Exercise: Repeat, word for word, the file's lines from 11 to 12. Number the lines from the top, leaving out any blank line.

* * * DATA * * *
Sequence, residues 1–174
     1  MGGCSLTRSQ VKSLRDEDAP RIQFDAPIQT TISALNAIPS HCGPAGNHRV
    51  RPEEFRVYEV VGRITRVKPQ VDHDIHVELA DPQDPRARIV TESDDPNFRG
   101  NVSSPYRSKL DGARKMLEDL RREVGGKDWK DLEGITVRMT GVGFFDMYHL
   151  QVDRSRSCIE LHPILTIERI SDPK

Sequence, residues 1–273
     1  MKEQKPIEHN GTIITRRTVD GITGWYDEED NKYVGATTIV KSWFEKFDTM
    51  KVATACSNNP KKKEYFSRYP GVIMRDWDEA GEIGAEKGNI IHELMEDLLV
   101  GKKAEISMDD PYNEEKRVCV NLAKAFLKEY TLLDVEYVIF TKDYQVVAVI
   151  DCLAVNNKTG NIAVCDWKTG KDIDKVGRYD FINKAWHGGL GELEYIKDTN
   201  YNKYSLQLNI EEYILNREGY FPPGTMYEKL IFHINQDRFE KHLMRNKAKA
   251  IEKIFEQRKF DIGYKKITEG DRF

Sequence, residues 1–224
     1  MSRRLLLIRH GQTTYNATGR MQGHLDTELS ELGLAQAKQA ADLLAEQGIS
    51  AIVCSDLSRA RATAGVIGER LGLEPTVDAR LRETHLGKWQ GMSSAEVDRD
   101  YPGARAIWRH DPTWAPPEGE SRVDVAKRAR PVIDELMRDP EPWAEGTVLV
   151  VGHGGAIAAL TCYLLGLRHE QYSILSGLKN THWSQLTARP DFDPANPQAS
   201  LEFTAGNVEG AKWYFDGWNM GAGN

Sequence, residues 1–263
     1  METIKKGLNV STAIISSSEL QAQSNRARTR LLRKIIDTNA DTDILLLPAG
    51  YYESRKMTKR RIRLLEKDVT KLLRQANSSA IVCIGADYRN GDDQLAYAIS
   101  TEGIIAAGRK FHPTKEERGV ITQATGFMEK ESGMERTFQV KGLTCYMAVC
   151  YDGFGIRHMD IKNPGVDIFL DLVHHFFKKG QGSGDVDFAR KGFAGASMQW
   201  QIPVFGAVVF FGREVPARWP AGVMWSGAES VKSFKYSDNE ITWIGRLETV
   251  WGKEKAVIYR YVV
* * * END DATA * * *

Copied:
   201  YNKYSLQLNI EEYILNREGY FPPGTMYEKL IFHINQDRFE KHLMRNKAKA
   251  IEKIFEQRKF DIGYKKITEG DRF